Free speech, or hate speech? Tensions in France skyrocket after middle school teacher Samuel Paty was decapitated on October 16, 2020, by an Islamic teen after displaying extremely offensive depictions of the Prophet Muhammad published by Charlie Hebdo, or Charlie Weekly. As French citizens took to the streets in anger at the killing, they called for the Muslim community to be punished by yelling “Je Suis Charlie”, or “I am Charlie”.
In retaliation, some French citizens responded by stabbing two Muslim women wearing the Hijab under the Eiffel Tower next to their children yelling “Dirty Arabs go back to your country”. Opposing to handling the situation delicately, the President of France Emmanuel Macron stated the cartoons were an example of freedom of speech and expression and continued to defend them. In doing so, he even projected the offensive cartoons onto a government building with armed guards protecting it.
Outraged and disgusted, the Muslim community worldwide called for a “Boycott of France”, in which no French products are to be bought or dealt with. This is due to the fact that in the Muslim faith it is forbidden to depict animate objects especially religious leaders such as the Prophet Muhammad.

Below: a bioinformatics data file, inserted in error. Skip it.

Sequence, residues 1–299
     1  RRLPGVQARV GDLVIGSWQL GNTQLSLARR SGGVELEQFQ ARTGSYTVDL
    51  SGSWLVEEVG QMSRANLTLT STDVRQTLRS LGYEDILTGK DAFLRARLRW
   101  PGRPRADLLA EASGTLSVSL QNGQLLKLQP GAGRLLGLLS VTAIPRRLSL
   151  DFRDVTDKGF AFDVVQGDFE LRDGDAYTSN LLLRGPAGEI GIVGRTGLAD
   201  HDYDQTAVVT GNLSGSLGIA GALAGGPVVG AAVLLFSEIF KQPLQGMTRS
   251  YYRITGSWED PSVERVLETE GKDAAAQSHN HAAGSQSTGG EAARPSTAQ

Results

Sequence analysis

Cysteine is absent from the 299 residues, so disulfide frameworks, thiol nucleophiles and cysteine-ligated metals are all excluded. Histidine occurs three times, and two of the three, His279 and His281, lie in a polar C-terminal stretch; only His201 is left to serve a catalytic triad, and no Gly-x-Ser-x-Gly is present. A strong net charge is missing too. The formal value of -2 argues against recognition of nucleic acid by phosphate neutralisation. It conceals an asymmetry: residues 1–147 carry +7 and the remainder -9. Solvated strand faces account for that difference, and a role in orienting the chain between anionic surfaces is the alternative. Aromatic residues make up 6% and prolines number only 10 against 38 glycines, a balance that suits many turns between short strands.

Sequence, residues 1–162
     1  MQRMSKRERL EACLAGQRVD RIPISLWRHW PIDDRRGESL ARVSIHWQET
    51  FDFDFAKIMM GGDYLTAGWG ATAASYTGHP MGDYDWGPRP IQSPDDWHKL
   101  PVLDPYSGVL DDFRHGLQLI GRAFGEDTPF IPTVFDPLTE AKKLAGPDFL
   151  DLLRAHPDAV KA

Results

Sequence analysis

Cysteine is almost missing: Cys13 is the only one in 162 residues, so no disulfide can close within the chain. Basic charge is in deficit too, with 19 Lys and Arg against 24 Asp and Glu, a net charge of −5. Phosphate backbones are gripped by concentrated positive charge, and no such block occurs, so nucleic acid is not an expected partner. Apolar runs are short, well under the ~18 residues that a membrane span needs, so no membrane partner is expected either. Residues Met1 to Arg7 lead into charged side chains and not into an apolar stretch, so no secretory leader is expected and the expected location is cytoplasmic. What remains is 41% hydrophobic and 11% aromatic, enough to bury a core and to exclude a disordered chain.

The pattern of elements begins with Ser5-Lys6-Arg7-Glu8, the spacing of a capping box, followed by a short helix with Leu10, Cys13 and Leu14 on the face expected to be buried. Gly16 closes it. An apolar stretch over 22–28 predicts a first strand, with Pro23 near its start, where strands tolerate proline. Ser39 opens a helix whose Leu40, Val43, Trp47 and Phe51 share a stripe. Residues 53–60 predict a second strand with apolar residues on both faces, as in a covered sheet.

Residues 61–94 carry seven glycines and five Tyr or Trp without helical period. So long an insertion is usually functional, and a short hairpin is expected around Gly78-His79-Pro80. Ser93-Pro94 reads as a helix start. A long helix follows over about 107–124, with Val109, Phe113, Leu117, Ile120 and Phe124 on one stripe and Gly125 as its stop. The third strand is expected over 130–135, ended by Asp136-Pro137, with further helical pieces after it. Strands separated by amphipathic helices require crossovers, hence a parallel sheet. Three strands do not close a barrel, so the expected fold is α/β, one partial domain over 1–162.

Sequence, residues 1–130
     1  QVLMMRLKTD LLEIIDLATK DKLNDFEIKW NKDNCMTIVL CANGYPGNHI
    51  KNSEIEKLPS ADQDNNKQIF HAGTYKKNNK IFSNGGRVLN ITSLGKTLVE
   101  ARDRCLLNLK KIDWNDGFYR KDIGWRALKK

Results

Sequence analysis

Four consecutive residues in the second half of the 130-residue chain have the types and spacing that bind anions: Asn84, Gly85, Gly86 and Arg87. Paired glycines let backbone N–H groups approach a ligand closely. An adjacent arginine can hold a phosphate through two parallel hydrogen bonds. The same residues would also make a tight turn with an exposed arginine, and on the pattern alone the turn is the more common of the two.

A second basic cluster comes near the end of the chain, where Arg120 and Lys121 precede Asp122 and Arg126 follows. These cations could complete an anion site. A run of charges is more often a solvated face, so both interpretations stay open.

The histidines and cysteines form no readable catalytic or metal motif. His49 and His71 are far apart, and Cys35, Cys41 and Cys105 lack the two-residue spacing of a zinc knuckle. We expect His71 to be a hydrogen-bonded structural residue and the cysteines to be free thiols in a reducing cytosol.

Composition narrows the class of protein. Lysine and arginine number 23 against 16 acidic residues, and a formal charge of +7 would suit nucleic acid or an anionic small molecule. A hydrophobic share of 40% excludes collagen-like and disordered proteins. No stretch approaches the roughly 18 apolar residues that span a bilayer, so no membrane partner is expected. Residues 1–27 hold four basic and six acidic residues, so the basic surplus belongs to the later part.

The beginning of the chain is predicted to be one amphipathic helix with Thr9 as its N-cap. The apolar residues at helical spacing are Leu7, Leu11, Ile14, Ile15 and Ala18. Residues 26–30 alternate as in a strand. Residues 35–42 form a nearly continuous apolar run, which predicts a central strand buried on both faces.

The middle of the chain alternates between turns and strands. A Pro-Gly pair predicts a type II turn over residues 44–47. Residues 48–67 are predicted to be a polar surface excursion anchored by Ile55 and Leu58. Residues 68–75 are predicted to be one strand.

The boycott alone on the first day cost the French economy 28 billion dollars, and the boycott is still going on. Afterward, Macron insinuated the French Parliament approves his introduction of the bill named “Islamic Separation”.
Essentially, this bill would shut down private Islamic schooling, Halal lunch menus, gender-segregated pools, and the wearing of Islamic clothing in public places. It is stated by the Wall Street Journal, that Macron aims to introduce secularism everywhere in France. However, Muslims in France think Macron aims to condemn freedom of religion towards Muslims within public areas.